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Boreal Chorus Frog

Boreal chorus frog © Sam Brinkler

There are two chorus frog species in Ontario: the boreal (Pseudacris maculata) and the western chorus frog. Prior to 1989, they were considered to be one species. Like many species in the treefrog family, they are more often heard than seen.


The boreal chorus frog is small and smooth skinned, and varies in colour from green-grey to brown. A dark stripe runs through the eye and a white stripe along the upper lip. This species is distinguished from most other treefrogs by the three dark stripes down the back. In some individuals, the stripes are broken into dashes or dots. Adults grow to three centimetres in body length. The breeding call of this species resembles the sound made by running a fingernail along the teeth of a comb.

Boreal chorus frog © Sam Brinkler

Similar Species

The western chorus frog is almost identical to the boreal chorus frog but has shorter hind legs. These two frogs are best distinguished by their call or location; in Ontario, their distributions do not overlap. Their calls are very similar, but in the call of the western chorus frog, the pulse rate is longer and slower.

Boreal chorus frog © Joe Crowley


The boreal chorus frog inhabits forest openings around woodland ponds but may be found in the vicinity of any body of non-flowing water. This frog breeds in almost any fishless pond with at least 10 centimetres of water, including splash pools, roadside ditches, flooded fields, beaver ponds, marshes, swamps, shallow lakes and other water bodies with little or no current, often those lacking tree cover. The boreal chorus frog overwinters on upland sites near water, usually under logs or underground.

View an interactive map of the known ranges of boreal chorus frogs in Ontario.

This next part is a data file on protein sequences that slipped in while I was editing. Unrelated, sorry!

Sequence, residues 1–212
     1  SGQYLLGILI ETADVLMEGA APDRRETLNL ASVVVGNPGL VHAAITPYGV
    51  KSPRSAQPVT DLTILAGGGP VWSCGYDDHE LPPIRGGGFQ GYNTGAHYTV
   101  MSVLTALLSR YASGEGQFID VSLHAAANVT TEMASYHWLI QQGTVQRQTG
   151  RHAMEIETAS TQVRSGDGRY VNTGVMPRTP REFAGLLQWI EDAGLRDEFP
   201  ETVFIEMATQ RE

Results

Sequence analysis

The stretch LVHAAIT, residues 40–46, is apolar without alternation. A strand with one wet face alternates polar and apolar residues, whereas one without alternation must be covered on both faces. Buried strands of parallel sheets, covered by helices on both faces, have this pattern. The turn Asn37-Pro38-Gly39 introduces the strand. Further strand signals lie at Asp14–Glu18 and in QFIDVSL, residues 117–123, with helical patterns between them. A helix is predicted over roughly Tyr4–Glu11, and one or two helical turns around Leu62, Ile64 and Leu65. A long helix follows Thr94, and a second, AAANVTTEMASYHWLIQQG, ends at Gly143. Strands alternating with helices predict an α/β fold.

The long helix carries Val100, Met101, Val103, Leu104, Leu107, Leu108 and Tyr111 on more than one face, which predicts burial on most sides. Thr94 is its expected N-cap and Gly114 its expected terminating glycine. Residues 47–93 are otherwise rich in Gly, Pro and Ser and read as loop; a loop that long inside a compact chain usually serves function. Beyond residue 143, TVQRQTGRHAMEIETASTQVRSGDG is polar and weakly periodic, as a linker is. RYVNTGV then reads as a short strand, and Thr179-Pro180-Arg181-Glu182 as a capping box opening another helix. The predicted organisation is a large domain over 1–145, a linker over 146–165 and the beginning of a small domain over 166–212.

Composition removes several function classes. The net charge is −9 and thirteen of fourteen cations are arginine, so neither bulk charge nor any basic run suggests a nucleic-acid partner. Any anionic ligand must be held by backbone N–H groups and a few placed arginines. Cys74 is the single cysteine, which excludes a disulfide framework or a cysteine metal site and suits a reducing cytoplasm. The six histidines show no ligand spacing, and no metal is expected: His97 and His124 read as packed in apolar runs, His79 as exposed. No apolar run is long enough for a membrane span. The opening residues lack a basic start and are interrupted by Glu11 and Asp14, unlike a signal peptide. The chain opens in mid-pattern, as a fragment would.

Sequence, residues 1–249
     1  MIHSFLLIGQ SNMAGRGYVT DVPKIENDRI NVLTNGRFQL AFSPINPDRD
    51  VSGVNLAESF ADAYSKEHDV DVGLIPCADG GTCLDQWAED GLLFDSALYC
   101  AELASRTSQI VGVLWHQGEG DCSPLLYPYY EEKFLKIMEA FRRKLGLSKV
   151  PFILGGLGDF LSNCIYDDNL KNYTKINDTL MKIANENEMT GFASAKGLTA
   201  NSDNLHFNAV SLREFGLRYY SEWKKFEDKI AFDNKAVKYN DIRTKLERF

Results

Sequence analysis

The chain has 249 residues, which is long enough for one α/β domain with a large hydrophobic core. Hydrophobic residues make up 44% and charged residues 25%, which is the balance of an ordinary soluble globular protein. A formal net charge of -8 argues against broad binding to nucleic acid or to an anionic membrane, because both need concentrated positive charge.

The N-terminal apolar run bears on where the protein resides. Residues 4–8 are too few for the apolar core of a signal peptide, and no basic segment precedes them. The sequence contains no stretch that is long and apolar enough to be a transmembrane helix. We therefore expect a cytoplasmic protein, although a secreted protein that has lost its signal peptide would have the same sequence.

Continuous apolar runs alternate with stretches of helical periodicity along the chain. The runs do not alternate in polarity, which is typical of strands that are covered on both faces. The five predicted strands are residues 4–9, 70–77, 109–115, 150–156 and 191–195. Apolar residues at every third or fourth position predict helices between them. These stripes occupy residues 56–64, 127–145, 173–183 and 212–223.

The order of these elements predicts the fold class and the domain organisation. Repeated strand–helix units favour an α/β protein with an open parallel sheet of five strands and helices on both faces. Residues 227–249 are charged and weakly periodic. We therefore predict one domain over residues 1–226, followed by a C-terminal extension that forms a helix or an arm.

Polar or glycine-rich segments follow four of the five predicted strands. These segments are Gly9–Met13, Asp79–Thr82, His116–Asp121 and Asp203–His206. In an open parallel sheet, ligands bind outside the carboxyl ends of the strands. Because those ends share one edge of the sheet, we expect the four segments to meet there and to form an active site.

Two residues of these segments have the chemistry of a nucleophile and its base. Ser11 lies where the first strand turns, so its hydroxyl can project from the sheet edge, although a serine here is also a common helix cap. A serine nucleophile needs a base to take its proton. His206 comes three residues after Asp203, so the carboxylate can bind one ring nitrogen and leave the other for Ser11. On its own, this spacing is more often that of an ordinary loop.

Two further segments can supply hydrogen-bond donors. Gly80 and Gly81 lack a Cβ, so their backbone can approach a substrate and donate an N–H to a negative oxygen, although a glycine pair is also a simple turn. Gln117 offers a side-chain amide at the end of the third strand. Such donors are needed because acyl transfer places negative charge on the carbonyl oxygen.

Boreal chorus frogs breed very early in the spring, calling day and night, often before the winter ice has completely melted. The female lays 150 to 800 eggs in clusters of five to 100 eggs, which are attached to submerged vegetation. The eggs hatch within a few weeks, and the tadpoles finish transforming by about two months. Following metamorphosis, they usually mature in one to two years and live two to three years, rarely up to six years. Chorus frogs can survive being frozen and are among the first frogs to emerge in the spring. They feed on small insects and other invertebrates, and are eaten by a wide variety of predators.

Other names: Pseudacris nigrita septentrionalis, Chorophilus septentrionalis

Boreal chorus frog © Joe Crowley

Threats and Trends

Habitat loss and degradation are threats to any given local population of the boreal chorus frog, but no major threats affect this species as a whole, and it is not believed to be in any significant decline.

Boreal chorus frog © Scott Gillingwater

Current Status and Protection

Neither the Committee on the Status of Species at Risk in Ontario nor the Committee on the Status of Endangered Wildlife in Canada has assessed the status of the boreal chorus frog. The species has no protection under the Ontario Fish and Wildlife Conservation Act. The International Union for Conservation of Nature lists the global status of the boreal chorus frog as Least Concern. The species’ status was confirmed in December 2020.

Learn more about reptile and amphibian conservation and what you can do to help these species on our Reptile and Amphibian Stewardship page.

Boreal chorus frog © Sam Brinkler

What You Can Do

Boreal chorus frog © Joe Crowley